Our son is 11 and I am keen to have a frank chat with him on sex education. My queries are: 1) What is the right age to do this? 2) Is there a right way to do this—any book, etc.? 3) We got “educated” by default and this has worked fine for us—my parents never had any chat with me on this. Would having a formal chat increase curiosity unnecessarily, i.e., are we creating too much of a fuss about this? Is it better that he learns on his own? He already seems to know quite a lot. 4) How do we cover controversial subjects like gays, porn on the Net, etc.? 5) Instead of parents doing this session, will children be more comfortable if it is done by an independent agency?
There are many different ages and stages at which you talk to your children about sex. There is no single “birds-and-bees talk” which one can have and “get it over with”. As you say, by this age children today already have some ideas on the subject. However, those are often sketchy, out-and-out wrong, or surrounded by much speculation, giggling and a kind of lurid interest. What you can do at various stages of your child’s growing up is to provide age-appropriate information on sex—both the physical aspects and the emotional ones. The parents’ role in this matter, most importantly, is to provide healthy, non-awkward information and debunk the wrong notions, guilt and the kind of “ikky fascination” children have with the subject.
I don’t believe that being educated by default is a good idea. Sure, some people grew up stumbling upon information and dealing with their own sexual desires and encounters in whatever way they could. However, why avoid and side-step an issue and risk your child getting warped ideas and being drawn into experimentation, porn, etc., without having armed him in any way with any knowledge or emotional preparedness on the subject?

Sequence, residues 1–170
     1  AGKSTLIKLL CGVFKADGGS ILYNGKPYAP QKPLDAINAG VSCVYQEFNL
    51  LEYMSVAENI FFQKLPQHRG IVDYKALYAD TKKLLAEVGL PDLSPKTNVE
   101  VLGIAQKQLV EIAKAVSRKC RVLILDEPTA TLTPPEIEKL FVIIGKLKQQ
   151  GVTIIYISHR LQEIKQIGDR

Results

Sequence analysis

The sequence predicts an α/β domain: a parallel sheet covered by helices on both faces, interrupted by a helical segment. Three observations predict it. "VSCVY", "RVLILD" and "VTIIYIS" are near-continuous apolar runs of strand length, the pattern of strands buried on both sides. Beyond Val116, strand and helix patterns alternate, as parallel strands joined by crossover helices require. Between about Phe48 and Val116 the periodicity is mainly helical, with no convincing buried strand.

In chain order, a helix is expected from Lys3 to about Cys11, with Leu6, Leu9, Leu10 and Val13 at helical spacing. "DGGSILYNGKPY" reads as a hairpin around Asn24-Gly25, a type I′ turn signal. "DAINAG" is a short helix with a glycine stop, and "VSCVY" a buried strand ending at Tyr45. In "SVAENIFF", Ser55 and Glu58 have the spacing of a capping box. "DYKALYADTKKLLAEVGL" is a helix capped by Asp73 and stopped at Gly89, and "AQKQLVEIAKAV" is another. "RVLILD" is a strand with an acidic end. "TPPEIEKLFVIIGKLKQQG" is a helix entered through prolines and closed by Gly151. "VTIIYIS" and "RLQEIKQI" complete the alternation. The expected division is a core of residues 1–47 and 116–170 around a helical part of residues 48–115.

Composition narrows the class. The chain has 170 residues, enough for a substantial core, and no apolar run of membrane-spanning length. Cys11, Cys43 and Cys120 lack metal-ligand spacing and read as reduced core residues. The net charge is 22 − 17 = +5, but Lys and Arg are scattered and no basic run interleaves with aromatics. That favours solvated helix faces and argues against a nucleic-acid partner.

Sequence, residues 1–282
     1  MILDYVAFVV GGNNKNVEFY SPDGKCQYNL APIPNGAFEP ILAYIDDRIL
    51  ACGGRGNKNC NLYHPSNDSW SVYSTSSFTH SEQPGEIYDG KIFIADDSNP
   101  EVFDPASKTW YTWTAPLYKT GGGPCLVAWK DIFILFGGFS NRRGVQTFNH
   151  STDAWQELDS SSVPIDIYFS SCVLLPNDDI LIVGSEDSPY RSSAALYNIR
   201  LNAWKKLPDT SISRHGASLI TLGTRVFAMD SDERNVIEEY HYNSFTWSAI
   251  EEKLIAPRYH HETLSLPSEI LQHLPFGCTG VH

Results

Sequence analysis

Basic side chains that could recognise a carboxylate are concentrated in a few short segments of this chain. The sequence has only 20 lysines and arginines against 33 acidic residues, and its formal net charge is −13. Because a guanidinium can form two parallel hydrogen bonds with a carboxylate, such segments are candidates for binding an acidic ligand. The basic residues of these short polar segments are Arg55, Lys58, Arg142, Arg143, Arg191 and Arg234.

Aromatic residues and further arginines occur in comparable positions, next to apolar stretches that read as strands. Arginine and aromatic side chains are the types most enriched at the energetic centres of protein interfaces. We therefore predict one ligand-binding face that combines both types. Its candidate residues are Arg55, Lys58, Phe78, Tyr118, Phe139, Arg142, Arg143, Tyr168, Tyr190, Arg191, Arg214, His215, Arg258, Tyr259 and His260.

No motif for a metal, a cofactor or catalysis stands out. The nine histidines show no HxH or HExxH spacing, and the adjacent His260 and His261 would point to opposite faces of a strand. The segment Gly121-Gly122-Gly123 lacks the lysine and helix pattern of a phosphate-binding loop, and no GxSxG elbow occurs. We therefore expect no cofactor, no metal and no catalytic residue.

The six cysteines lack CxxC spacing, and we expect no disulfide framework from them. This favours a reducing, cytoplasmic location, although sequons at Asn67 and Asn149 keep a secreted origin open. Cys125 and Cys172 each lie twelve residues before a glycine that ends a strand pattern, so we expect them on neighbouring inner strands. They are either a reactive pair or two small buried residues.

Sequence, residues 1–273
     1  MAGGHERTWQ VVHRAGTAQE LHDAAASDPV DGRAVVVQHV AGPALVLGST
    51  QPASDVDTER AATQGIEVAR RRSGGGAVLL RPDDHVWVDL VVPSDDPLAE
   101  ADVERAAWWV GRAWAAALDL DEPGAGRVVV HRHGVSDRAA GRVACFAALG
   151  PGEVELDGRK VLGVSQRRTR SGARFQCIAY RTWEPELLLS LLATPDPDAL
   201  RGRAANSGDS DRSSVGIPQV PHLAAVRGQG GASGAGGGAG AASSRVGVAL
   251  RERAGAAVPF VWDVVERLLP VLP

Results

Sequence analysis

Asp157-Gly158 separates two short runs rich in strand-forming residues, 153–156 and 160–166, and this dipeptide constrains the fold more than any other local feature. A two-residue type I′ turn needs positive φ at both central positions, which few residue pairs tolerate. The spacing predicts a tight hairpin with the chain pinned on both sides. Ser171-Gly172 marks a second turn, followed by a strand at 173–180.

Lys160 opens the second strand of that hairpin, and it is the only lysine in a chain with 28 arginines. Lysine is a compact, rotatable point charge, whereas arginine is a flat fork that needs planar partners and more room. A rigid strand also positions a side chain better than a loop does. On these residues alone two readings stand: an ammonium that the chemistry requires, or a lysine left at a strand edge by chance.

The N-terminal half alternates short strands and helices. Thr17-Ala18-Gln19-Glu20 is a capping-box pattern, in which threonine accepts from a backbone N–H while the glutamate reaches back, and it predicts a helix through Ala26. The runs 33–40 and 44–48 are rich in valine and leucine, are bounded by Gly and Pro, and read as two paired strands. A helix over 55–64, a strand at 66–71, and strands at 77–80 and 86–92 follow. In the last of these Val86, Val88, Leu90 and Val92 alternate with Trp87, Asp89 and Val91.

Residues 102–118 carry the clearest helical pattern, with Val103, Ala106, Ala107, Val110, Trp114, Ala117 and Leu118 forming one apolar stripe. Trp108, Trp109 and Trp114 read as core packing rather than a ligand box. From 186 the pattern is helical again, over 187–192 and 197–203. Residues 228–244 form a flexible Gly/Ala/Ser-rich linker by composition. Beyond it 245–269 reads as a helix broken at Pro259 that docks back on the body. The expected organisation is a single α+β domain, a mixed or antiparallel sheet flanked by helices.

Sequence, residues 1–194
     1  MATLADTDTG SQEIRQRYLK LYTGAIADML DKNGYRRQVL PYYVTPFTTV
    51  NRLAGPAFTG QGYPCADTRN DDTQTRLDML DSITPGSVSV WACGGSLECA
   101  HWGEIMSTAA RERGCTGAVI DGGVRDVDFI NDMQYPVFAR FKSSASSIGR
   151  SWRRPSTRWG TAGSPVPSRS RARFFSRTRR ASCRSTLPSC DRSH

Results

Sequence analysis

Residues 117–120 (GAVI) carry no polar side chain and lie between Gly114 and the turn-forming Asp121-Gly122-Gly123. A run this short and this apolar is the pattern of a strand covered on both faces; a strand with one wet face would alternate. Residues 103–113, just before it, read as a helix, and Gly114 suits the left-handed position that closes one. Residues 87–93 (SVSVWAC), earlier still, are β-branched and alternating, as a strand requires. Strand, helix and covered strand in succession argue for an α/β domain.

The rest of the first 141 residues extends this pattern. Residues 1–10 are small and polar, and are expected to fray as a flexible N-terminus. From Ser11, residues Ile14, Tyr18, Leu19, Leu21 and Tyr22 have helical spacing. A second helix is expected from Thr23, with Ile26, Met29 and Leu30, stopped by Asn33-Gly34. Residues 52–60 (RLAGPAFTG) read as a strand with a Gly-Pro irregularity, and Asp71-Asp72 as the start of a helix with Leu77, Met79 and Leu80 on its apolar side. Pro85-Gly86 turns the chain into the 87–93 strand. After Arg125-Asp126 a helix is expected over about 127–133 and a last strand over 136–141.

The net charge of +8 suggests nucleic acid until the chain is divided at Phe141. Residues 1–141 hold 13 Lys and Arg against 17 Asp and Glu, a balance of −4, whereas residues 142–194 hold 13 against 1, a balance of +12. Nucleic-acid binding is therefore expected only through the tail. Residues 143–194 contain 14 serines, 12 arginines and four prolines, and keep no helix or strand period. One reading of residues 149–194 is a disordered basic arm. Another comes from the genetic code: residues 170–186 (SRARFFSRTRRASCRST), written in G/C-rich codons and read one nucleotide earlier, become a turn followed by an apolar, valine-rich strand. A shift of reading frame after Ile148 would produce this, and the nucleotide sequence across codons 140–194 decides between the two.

Let’s talk about sex: While doing so, it’s important to be at ease with your child. Thinkstock
It’s important for a parent to be at ease with the subject, and also know how much he/she would like to discuss. There are many books in the market, especially if you want to show your child diagrams and functions of sexual and reproductory organs. However, the emotional and social implications of sex and sexual behaviour must come from you. I suggest parents avoid bringing in religion, God, punishment, permission, and keep the conversation about sex as an extension of a respectful, joyous and loving relationship with a partner.
As for porn, it exists out there and what you can hope to do is restrict access on the Internet. Avoid labelling it too heavily as “evil” and “disgusting”. Perhaps you can, over time, stress that sex is a one-to-one interaction that can be healthy and fulfilling.
You could definitely ask your child’s school to introduce sex education at various levels. There are many excellent sex educators who could conduct sessions in schools. In such sessions, children are also encouraged to write anonymous questions, which are read out and adequately answered. Of course, this does not mean that parents should avoid talking about sex with their children. It just means that, in addition to parents, other responsible adults can provide information and help children deal with their emerging sexuality.
Gouri Dange is the author of ABCs of Parenting.
Write to Gouri at email@example.com